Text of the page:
Issue: 15

COLLEGE NEWS

- Kellogg pledges vision funds

- New Ag Chemical Products Lab

- Ag 450 farm appointment

- Deadlines & reminders

COMMUNICATIONS KIOSK

- Campus map in Word for Mac

INFOGRAZING

- Seed testing '94

EXTERNAL VOICES

- Subliminal prejudice

MARGINALIA

- Thirsty vines

C O L L E G E N E W S

KELLOGG PLEDGES VISION FUNDS

The W.K. Kellogg Foundation recently announced that it has set

aside funds for implementing plans for educating food systems

professionals in the 21st century. The foundation currently is

funding 12 projects to envision this future. One is VISION 2020,

coordinated by ISU and Iowa's community colleges. The projects

will submit their visions and implementation plans by Sept. 30.

If approved, VISION 2020 will receive $1.5 million over five years.

For more VISION 2020 information: 294-2092 or amps@iastate.edu.

NEW AG CHEMICAL PRODUCTS LAB

This week President Jischke announced a new ISU research program

focused on using chemicals found in corn and soybeans as raw materials

for industry. The Agricultural Chemical Products Laboratory will

study new products and processes to enhance crop chemical use

and to replace nonrenewable resources with crop products. The

lab includes faculty from the Center for Crops Utilization Research,

chemistry and other basic sciences and the engineering and design

colleges. The Center for Advanced Technology Development will

help the lab transfer technologies to industry. For more information:

George Kraus, chair, Dept. of Chemistry, 294-7871, and Larry Johnson,

professor-in-charge, CCUR, 294-0160.

AG 450 FARM APPOINTMENT

Larry Trede, professor of agriculture education and studies, has

been appointed professor-in-charge of the Ag 450 farm, effective

July 1. Trede succeeds Wade Miller, whose appointment as professor-in-charge

of the Brenton Center for Agricultural Instruction and Technology

Transfer, was announced earlier. Students can take AgEdS 450 up

to three times (fall, spring, summer). They are responsible for

planning, record keeping, and buying and selling decisions for

the farm's livestock, crops and equipment.

DEADLINES & REMINDERS

APRIL 28 -- Names of departmental representatives for commencement

to Dorothy Blair, 4-8497

C O M M U N I C A T I O N S K I O S K

CAMPUS MAP IN WORD FOR MAC

The campus map developed for the College of Agriculture is now

available as a Microsoft Word document for Macintosh users. (A

version for Windows users is being developed.) The map highlights

college buildings and other ag-related sites of interest. It fits

on an 8.5-by-11-inch page and is designed so individual departments

and centers can personalize the back for visitors. There are two

versions: one shows the main campus, the other includes the south

campus down to the ISU Research Park. You can get the map (or

maps) on disk or as an e-mail attachment. For more information:

Ed Adcock, 294-2314 or edadcock@iastate.edu.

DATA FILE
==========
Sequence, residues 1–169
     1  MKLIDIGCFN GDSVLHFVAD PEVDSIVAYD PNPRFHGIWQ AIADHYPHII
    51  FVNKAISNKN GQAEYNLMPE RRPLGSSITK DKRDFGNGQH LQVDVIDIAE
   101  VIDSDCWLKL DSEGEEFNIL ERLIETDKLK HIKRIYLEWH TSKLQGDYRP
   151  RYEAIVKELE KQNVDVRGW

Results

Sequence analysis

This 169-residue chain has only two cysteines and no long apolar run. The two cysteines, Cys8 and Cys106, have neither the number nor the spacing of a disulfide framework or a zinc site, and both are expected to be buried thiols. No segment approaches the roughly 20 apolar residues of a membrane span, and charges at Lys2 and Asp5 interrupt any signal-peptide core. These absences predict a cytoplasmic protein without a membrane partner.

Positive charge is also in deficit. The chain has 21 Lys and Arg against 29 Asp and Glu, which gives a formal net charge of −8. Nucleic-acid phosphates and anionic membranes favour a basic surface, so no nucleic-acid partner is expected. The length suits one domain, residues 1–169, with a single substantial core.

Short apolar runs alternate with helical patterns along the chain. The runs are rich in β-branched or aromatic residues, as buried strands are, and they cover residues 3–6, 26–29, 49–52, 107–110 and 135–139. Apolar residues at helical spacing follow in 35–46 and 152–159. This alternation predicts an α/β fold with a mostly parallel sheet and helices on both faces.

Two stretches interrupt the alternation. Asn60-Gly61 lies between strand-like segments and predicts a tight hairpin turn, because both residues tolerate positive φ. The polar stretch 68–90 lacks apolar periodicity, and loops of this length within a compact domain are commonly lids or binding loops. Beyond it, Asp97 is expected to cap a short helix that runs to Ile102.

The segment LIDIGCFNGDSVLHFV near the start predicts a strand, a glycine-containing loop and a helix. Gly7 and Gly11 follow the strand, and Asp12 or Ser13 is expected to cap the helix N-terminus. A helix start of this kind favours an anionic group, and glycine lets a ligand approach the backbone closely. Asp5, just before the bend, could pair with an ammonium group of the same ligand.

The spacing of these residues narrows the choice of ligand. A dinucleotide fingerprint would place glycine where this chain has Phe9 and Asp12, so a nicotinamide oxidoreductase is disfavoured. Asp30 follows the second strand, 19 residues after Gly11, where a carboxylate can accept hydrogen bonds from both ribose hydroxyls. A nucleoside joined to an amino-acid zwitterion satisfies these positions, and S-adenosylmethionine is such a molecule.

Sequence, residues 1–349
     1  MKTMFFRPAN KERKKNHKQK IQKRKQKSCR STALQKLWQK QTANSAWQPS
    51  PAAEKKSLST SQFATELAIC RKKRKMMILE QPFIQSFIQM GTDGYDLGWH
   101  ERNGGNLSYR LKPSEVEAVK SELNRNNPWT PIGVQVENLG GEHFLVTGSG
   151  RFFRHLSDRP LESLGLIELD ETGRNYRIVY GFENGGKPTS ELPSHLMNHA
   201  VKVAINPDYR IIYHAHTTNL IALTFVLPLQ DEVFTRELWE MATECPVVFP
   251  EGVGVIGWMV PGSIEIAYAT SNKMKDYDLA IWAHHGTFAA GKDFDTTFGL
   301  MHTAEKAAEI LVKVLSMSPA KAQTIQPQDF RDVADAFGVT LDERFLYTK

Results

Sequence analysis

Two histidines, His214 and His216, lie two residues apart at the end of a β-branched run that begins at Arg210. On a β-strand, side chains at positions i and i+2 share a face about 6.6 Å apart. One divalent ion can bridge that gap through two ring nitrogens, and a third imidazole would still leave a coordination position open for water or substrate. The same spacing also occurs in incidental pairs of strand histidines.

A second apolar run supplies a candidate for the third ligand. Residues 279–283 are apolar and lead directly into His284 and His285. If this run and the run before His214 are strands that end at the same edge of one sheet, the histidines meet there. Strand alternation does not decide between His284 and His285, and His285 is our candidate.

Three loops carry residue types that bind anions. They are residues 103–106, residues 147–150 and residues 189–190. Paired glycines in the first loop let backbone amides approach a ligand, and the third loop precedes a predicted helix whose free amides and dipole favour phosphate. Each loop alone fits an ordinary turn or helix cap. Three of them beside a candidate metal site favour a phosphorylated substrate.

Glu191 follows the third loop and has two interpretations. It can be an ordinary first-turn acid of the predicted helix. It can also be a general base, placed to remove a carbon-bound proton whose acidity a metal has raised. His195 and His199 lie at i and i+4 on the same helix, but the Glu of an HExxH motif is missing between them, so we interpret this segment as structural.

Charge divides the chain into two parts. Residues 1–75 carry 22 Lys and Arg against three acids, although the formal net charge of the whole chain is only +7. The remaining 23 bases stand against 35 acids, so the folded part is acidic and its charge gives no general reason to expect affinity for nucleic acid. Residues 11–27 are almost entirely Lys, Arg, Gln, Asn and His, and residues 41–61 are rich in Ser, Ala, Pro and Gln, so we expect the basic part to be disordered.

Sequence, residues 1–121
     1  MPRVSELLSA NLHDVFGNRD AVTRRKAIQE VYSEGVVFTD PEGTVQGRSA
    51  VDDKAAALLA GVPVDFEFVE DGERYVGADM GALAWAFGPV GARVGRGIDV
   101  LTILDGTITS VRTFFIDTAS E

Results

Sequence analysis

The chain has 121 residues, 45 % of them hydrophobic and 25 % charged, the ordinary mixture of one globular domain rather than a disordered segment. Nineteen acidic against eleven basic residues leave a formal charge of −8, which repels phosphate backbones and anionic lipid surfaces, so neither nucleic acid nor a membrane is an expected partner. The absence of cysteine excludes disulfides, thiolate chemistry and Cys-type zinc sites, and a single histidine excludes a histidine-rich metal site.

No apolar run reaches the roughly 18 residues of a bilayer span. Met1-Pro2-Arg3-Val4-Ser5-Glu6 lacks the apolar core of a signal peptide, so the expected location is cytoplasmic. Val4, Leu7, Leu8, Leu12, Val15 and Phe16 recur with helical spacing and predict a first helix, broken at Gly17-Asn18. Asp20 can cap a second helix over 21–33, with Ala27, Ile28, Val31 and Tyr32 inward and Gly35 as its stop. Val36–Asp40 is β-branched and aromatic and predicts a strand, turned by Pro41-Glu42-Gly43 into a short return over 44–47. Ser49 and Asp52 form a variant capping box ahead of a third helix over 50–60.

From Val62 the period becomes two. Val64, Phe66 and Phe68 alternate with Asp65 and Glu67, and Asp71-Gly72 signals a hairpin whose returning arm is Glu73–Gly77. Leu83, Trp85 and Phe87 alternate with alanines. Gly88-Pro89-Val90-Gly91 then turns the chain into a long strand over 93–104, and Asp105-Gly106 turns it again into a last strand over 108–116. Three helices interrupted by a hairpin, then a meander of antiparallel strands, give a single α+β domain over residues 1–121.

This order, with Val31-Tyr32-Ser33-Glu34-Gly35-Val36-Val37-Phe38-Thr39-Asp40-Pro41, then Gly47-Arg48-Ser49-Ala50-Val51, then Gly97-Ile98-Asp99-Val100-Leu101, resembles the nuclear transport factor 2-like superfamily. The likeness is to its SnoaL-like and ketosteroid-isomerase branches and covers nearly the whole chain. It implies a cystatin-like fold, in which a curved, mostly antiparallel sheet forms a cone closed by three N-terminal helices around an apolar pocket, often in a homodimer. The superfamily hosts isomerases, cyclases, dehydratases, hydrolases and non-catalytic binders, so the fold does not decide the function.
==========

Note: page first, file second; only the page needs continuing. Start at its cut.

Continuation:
I N F O G R A Z I N G

SEED TESTING '94

In fiscal year 1994 the Seed Testing Laboratory in the Seed Science

Center tested 46,000 samples. Corn and soybean seeds make up about

80 percent of the samples. The lab conducts tests on more than

300 species. The top five: corn, soybeans, alfalfa, oats and marigold.

Test results provide companies and growers with information on

the quality of their seeds. About 80 percent of those sending

samples to the lab are from Iowa. In FY94 the lab also conducted

1,723 seed health tests, results of which are important for the

export of seeds. Lab staff and center researchers collaborate

to develop new or better tests and to address seed industry concerns.

E X T E R N A L V O I C E S

SUBLIMINAL PREJUDICE

"Prejudice of the quiet, subliminal kind doesn't flow from

the same place as hate . . . Studies have shown . . . that people

are more likely to find an article convincing if it is signed

by 'Bob Someone' instead of, say, 'Barbara Someone.' It's just

the brain's little habit of parceling reality into tidy equations,

such as female = probable fluffhead. The truth is that each of

us carries around an image of competence in our mind, and its

face is neither female nor black." Barbara Ehrenreich, writing

in Time, Feb. 20.

M A R G I N A L I A

THIRSTY VINES

A new technology takes the guesswork out of irrigating vineyards,

a process that has largely been trial-and-error, with emphasis

on the latter. The technology, developed by Australian cotton

growers, is computerized "neutron probes" that are stuck

in the ground at regular intervals and measure hydrogen atoms.

The atom count is a pretty good measurement of water content.

The data go to a computer, which calculates an irrigation schedule

for that area. "Our vines are like thirsty men crawling in

the desert. We want them to have enough water to stay alive, but

not enough to stop and open a casino," says one winemaker.

(Investor's Business Daily, Feb. 28)

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